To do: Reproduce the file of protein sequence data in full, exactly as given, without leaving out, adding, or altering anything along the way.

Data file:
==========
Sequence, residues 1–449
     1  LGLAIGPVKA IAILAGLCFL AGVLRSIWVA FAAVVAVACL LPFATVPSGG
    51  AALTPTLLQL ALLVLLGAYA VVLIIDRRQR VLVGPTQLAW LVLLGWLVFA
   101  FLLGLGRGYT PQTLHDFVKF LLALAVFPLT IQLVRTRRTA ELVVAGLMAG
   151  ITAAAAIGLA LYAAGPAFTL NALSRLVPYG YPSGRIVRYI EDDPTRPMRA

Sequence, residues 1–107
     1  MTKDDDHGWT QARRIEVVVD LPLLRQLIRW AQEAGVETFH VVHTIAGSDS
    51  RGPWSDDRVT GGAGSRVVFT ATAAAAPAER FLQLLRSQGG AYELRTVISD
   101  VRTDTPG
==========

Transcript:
Sequence, residues 1–449
     1  LGLAIGPVKA IAILAGLCFL AGVLRSIWVA FAAVVAVACL LPFATVPSGG
    51  AALTPTLLQL ALLVLLGAYA VVLIIDRRQR VLVGPTQLAW LVLLGWLVFA
   101  FLLGLGRGYT PQTLHDFVKF LLALAVFPLT IQLVRTRRTA ELVVAGLMAG
   151  ITAAAAIGLA LYAAGPAFTL NALSRLVPYG YPSGRIVRYI EDDPTRPMRA

Sequence, residues 1–107
     1  MTKDDDHGWT QARRIEVVVD LPLLRQLIRW AQEAGVETFH VVHTIAGSDS
    51  RGPWSDDRVT GGAGSRVVFT ATAAAAPAER FLQLLRSQGG AYELRTVISD
   101  VRTDTPG